Brazil-based iron ore giant Vale (NYSE: RIO) offers long-term value at current levels.
As the essential ingredient of steel, it’s no surprise that iron ore has been impacted by the weakness in steel production. Here the magnitude of the Chinese slowdown will play a big role in the final outcome. China currently absorbs 45 percent of global demand for iron (760 metric tons for 2008) and also represents 75 percent of global demand growth, which is still quite strong given the global turmoil.
Vale is cutting production by 30 million tons per year in order to “adapt our supply to global demand, avoiding unnecessary and costly inventory building.” Rio Tinto (NYSE: RTP) has also said it will be cutting iron production by 20 million tons because of the fourth quarter demand drop from China.
Another reason for the weakness in the iron ore price is the collapse in freight rates. The rate for Capesize ships–the largest dry bulkers, which carry iron ore, coal and grains–is now USD35.60 per ton from Brazil to China. The rate is USD11.50 per ton for runs from Australia to China and USD20 per ton for the India-to-China route.
Apart from the economic slowdown, the difficulty in obtaining letters of credit (a standard process in chartering a ship) is further explanation for the collapse in the shipping rates. Rates will gradually perk up once credit woes subside.
Given that investors remain negative on steel and its materials, Vale stock may lack a strong near-term catalyst. Nevertheless, it should be a prime beneficiary of any relief rally because of its low current valuation.
Longer term, Vale offers the highest quality iron ore in the market. And the Chinese will eventually use more of it as they increase the quality of their products.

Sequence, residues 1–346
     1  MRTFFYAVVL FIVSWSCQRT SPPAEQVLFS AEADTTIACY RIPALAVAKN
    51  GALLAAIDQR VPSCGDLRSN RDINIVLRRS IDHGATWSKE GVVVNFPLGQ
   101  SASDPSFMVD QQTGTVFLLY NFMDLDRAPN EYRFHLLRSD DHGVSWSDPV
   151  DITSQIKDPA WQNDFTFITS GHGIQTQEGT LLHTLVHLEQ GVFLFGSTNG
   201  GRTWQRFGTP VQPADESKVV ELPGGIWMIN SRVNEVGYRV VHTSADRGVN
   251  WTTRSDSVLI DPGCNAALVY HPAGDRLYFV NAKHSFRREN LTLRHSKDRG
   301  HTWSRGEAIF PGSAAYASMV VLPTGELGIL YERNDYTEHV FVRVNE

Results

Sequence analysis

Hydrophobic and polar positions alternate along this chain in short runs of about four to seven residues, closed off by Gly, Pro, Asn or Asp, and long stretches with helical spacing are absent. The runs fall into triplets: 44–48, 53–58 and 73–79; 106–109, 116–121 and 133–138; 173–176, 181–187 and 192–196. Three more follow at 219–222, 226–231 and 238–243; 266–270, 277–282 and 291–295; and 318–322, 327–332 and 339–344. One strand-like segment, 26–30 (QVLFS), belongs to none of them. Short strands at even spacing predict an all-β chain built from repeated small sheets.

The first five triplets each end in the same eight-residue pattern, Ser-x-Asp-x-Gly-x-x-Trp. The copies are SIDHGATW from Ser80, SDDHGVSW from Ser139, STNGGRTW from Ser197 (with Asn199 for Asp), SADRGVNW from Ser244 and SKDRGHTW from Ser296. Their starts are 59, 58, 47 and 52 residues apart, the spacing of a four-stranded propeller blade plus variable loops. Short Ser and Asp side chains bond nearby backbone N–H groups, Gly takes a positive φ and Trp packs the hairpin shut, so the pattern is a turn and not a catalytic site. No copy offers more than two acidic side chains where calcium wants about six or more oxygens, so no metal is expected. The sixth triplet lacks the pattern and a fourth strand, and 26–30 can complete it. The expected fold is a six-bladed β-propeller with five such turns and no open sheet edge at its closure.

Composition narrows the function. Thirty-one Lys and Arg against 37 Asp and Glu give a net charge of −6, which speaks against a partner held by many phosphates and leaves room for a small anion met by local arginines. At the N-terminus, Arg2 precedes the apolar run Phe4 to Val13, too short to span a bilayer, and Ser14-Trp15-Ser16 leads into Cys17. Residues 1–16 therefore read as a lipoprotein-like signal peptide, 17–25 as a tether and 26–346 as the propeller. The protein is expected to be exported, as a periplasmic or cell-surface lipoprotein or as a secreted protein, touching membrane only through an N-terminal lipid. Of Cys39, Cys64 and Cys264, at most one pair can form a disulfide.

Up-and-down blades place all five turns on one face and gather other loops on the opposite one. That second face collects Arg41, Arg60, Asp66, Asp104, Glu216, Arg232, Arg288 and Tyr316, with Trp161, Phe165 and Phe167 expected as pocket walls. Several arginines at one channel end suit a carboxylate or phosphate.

The current price weakness is driving high-cost producers either on the sidelines or out of the game all together, thus allowing the major producers to control new production growth.
This development fits well with our position that investing first in bigger, more diversified companies is the right approach in the resource sector right now. Investors are still trying to limit risk and therefore aren’t chasing small, commodity-leveraged, low-volume companies, as was the norm a year ago.
Vale reported good third quarter earnings numbers, and although iron ore is its main product, copper, nickel and lower production costs allowed for USD6.25 billion in earnings before interest, taxes, depreciation and amortization. Vale is more diversified than most investors appreciate, as the chart below demonstrates, and will be able to navigate the current turmoil.
We view this as a good time to allocate funds into Vale, in order to get exposure to the eventual increase in production in Chinese steel. Vale, a new addition to the New World 3.0 Portfolio, is a buy up to USD15.